I was in New York a few weeks ago and I did something truly outrageous—I walked into my favorite bookstore, turned to Anna, and was like, "I'm only allowed to buy one book, ok?", and then actually bought only one book. I hope you can appreciate the magnitude of this event because it has, quite literally, never happened before and will probably never happen again.
When you punish a person for dreaming his dream Don't expect him to thank or forgive you The best ever death metal band out of Denton Will in time both outpace and outlive you Hail Satan! Hail Satan tonight! Hail Satan! Hail hail! -The Mountain Goats, Best Ever Death Metal Band in Denton
Wolf in White Van is the first novel from the man who might've been the Poet Laureate of the United States of America, despite having only really written songs about lonely people and monsters. As the sole founder of the beloved indie folk band The Mountain Goats, John Darnielle is no stranger to touching people [...]
Hillary Clinton talked to the Times about her favorite books: some of the many names mentioned include Laura Hillenbrand, Toni Morrison, John Grisham, Pablo Neruda, George W. Bush and the Bible, which she says "was and remains the biggest influence on my thinking." In the interest of resisting the game of How Much Is This Q&A a Fake-Casual 'Hey' Text For America's Smart Conservative Moms, let me just draw your attention to this one part:
What are your literary guilty pleasures? Do you have a favorite genre?
Cooking, decorating, diet/self-help and gardening books are guilty pleasures and useful time fillers.
In middle school, the babysitters in The Babysitter's Club lived out every possible problem and dilemma a privileged tween in the '90s could face. But no one can stay 13 forever—eventually, a girl has to start growing up and facing the problems and dilemmas of privileged twenty-somethings.
If only the babysitters could come with us…
A: My natural habitat being systematically destroyed in the name of advancing civilization.
A: Technically, they count electric sheep while they're still awake, trying to drift off to sleep. Then they generally dream of naked lady androids, or of writing midterms at the local electric school they're unprepared for, while wearing electric underwear with a Batman motif.
I went on a trip back home to Texas last weekend with Elena Ferrante’s The Days of Abandonment and Jenny Offill’s Dept. of Speculation in my backpack. I had no idea what either novel was about when I bought them; it surprised me to find that both were narrated by women whose husbands are having affairs.
We live in a world that is alarmingly full of options, which is why people have affairs and why I like plane rides in the company of books good enough to keep you off the expensive wifi: I read Offill’s book in one sitting and Ferrante’s in two. The authors’ [...]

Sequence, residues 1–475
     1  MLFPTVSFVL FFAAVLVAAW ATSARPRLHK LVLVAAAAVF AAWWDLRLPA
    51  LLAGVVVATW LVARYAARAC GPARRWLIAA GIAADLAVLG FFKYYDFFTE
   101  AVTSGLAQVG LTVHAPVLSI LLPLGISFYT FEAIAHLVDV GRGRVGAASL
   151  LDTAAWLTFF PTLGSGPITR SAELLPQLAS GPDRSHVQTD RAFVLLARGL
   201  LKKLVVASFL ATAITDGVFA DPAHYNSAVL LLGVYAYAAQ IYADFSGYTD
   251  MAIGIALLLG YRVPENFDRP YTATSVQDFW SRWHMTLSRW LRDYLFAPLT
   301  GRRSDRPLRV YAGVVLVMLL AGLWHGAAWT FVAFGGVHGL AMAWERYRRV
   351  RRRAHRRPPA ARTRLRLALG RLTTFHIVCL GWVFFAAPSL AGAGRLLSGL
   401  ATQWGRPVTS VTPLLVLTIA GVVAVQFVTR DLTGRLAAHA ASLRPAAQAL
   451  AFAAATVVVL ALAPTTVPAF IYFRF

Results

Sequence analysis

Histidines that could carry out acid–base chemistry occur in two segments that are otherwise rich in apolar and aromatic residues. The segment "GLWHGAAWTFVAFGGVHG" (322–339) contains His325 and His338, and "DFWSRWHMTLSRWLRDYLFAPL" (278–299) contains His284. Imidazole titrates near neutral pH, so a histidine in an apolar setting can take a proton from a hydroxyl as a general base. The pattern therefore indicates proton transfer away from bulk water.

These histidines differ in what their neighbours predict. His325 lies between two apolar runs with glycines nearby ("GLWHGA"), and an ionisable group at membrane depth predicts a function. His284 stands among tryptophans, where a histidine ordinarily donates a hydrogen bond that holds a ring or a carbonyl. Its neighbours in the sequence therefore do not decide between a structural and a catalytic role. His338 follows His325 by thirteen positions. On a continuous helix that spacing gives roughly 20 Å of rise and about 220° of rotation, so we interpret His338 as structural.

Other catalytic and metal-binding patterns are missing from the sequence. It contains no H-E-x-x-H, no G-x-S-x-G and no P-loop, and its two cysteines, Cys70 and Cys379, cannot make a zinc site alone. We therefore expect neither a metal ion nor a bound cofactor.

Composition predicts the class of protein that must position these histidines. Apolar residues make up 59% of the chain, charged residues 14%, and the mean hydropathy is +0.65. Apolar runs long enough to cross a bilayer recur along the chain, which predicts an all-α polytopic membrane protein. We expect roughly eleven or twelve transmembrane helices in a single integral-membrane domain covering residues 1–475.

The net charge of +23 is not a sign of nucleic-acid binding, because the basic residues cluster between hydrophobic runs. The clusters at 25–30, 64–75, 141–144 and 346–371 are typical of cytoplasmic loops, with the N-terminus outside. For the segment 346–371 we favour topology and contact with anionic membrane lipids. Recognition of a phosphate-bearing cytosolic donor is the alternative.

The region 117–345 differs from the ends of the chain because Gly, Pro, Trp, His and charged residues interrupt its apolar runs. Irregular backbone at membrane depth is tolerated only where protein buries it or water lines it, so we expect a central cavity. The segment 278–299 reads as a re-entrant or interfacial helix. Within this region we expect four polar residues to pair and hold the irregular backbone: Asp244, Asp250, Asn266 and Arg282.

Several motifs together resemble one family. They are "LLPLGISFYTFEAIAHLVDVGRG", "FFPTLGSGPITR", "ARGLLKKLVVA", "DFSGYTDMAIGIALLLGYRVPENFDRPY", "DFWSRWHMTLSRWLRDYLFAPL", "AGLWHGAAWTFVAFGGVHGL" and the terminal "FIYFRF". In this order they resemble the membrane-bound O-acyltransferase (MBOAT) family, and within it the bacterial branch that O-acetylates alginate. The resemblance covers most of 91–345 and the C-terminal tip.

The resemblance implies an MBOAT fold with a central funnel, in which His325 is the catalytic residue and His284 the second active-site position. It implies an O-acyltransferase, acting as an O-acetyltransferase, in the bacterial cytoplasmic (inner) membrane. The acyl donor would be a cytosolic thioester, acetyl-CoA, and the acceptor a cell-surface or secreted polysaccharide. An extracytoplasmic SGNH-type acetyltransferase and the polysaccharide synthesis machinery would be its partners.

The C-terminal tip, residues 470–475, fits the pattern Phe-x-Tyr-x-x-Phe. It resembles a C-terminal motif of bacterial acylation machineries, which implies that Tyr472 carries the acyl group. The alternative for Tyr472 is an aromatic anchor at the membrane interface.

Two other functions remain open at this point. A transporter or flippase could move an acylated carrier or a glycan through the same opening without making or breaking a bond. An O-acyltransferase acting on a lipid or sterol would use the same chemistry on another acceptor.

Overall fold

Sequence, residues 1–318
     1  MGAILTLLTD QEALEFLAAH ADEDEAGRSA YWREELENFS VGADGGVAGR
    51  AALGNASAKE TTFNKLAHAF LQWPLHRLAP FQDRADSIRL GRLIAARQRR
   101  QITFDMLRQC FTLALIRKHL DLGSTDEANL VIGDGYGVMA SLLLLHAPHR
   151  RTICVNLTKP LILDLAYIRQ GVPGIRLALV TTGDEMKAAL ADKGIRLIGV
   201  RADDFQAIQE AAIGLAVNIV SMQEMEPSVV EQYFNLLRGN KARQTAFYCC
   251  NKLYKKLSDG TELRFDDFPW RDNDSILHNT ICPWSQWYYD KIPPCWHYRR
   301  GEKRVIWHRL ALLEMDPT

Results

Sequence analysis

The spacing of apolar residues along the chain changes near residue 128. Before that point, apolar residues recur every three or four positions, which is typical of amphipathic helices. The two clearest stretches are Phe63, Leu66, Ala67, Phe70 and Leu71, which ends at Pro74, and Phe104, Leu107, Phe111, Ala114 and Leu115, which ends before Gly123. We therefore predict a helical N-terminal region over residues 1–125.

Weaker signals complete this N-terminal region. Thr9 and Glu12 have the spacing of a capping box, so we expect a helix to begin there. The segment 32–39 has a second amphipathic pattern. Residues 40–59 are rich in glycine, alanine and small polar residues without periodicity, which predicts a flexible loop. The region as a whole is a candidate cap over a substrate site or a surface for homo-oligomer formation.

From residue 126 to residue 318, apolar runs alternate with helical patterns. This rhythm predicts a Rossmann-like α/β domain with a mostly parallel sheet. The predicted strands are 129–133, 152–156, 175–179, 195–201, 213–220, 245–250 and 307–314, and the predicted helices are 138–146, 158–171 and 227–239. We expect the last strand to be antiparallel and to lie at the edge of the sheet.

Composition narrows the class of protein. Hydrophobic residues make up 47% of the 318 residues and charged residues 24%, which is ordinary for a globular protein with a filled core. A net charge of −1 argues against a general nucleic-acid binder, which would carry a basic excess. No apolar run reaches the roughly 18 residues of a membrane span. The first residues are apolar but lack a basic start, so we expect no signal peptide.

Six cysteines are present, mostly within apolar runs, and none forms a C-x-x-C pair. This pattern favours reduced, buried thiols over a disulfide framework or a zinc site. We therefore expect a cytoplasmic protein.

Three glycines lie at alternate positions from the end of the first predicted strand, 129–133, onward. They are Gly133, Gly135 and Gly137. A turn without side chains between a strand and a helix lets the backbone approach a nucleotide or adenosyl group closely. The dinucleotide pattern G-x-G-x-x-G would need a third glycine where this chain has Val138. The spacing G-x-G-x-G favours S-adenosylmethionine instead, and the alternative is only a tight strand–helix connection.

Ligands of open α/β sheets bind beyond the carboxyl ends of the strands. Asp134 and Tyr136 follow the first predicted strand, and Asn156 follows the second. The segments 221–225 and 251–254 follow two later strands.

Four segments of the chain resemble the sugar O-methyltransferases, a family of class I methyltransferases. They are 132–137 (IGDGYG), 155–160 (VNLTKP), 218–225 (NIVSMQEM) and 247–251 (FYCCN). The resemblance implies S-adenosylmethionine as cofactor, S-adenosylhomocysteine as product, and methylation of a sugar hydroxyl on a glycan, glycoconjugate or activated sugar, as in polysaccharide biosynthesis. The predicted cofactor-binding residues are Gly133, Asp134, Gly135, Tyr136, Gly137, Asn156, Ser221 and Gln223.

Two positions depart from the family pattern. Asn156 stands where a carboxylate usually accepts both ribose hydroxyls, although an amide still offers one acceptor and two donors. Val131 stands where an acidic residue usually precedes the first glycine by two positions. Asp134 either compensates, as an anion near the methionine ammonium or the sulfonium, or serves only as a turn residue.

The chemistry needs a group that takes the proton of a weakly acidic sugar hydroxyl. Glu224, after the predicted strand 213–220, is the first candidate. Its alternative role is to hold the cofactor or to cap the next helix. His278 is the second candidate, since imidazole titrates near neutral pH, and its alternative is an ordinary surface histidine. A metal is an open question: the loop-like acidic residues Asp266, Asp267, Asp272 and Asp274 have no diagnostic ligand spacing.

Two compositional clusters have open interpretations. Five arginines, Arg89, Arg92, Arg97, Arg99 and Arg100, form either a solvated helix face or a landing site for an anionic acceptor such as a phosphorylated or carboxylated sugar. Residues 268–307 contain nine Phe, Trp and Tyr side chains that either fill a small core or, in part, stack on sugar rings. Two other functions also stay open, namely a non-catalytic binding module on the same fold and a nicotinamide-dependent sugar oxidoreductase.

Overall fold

She describes him as “full of an interest, an influence that quite mastered me,—that took my feelings from my own power and fettered them in his.”
He tells her, “[Y]ou please me, and you master me—you seem to submit, and I like the sense of pliancy you impart; and while I am twining the soft, silken skein round my finger, it sends a thrill up my arm to my heart. I am influenced—conquered; and the influence is sweeter than I can express; and the conquest I undergo has a witchery beyond any triumph I can win.”
So speak the characters of an 1847 novel about a teenage girl’s liaison of [...]
Over the weekend I read Love Me Back by Merritt Tierce, mostly because several of my friends had e-mailed me this review by Pooja Bhatia with the following line highlighted:
People compare Tierce to Joan Didion, maybe the doyenne of literary realism, and Mary Gaitskill, whose intense short stories have explored sex and debasement.
I mean, sold.
Tales of Post-Graduate Love, Turmoil, and Friendship: A Conversation with Jessica Pan and Rachel Kapelke-Dale
Graduates in Wonderland: The International Misadventures of Two (Almost) Adults is an epistolary memoir by Jessica Pan and Rachel Kapelke-Dale that’s out today. You may already know Jessica from The Hairpin; she writes the Baking from a Bygone Era column and often enlists Rachel when she embarks “on disgusting culinary adventures from the past," she says. The two friends and co-authors met at Brown. Before they graduated and Rachel headed to New York and Jessica to Beijing, they promised to stay in touch with honest, tell-it-like-it-is, regular emails to each other. Those emails, which they returned to years later after reuniting in London, became the basis for [...]